Whenever you are in the job market or trying to make a sale or up for promotion or seeking a referral, it’s always nice to seek advice and input and assistance from your network – especially from those who you deem to be well connected or to have the inside scoop or to be able to put in a good word or to have the experience and guidance you need for a challenging you are facing. But, please remember, it’s not their responsibility to find you a job or make the sale or establish the connection or figure out the answer… it’s yours.
Responsibility is a curious thing. We often crave it because it makes us feel important; yet, in the next breath, we may shy away from it because, let’s face it, it’s hard work. And, beyond the work itself, it can be intimidating or scary or confidence-zapping or the like.
Remember, people want to help you! In fact, they will like you better because they help you. But, don’t abuse their generosity. In anticipation of asking someone for their time, information or resources, consider this:
- Do your homework. Know as much as you can about your contact’s background, previous experiences, publications, relationship base. If the information you seek is readily available from a source like the internet, no need to require this contact to provide the information to you.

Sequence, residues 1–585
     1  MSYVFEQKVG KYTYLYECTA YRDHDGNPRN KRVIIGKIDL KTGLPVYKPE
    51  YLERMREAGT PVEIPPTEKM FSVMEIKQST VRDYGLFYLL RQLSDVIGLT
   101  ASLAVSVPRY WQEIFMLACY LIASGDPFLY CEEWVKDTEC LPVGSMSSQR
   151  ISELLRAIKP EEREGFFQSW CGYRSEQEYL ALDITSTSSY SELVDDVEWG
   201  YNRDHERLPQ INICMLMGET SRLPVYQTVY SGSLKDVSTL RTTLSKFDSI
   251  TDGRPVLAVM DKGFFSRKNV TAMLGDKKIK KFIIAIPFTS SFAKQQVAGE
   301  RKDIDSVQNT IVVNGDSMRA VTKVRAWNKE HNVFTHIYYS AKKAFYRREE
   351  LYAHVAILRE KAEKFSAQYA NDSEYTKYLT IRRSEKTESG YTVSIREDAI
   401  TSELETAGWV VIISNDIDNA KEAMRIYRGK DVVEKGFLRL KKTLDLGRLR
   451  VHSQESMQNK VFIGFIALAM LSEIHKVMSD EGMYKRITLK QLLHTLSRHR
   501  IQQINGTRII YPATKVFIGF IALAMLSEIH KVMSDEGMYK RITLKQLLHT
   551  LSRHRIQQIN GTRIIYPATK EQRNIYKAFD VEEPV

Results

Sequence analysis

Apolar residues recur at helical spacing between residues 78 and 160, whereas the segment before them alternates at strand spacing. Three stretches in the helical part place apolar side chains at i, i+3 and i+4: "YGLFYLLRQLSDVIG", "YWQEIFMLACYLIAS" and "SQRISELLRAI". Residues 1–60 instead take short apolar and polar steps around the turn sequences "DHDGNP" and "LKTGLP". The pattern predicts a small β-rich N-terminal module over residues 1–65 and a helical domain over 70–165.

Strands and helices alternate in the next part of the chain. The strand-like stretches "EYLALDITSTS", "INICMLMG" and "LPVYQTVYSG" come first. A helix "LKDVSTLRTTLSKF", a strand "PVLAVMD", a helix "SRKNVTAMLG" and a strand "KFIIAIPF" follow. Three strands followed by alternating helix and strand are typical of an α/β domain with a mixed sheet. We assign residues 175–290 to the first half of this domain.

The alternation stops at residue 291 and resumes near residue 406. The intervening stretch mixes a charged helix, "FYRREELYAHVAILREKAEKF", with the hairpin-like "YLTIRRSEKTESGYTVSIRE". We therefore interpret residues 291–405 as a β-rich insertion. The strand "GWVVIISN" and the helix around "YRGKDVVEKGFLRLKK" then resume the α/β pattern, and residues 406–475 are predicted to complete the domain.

- Clearly state your ask. Be prepared in your email or phone call to clearly state what it is you need assistance with and how you believe this contact can help. Or, as Jerry Maguire said, “Help me help you.”
- Be respectful of your contacts’ time. Remember, we’re all busy, and sometimes, the most valuable information comes from the people in highest demand. If your contact has given you the gift of time, keep your interaction within the allotted meeting duration. And, once you have had that meeting, don’t expect your contact to have time to meet with you again right away – they simply don’t have time and it would be selfish of you to require them to do so if they have already shared their knowledge and resources with you. Speaking of expectations…
- Manage your expectations. As you embark on finding solutions to your challenge, know that you may have to tap into several resources in order to find that magic bullet. It’s unlikely that one person or one book or one site will have all of the information you require. Be prepared to gather data from many different places and then to do the work in order to link them together.
- Follow up with the outcomes – not with the requirement for another meeting or more assistance. As mentioned above, you may not get another chance to visit with an important contact more frequently than once or twice a year. That said, it is always a good idea to go back to your contacts to tell them how you were able to put the resources they shared with you to use. So, if you land the job or close the sale or make the connection, be sure to drop them a note – an email or a handwritten note will work very well – to say thanks. They will love the follow up.
So, take responsibility! Document your goals, identify people in your network and beyond who can help, and then get after it! It’s up to you and you alone. You can do it.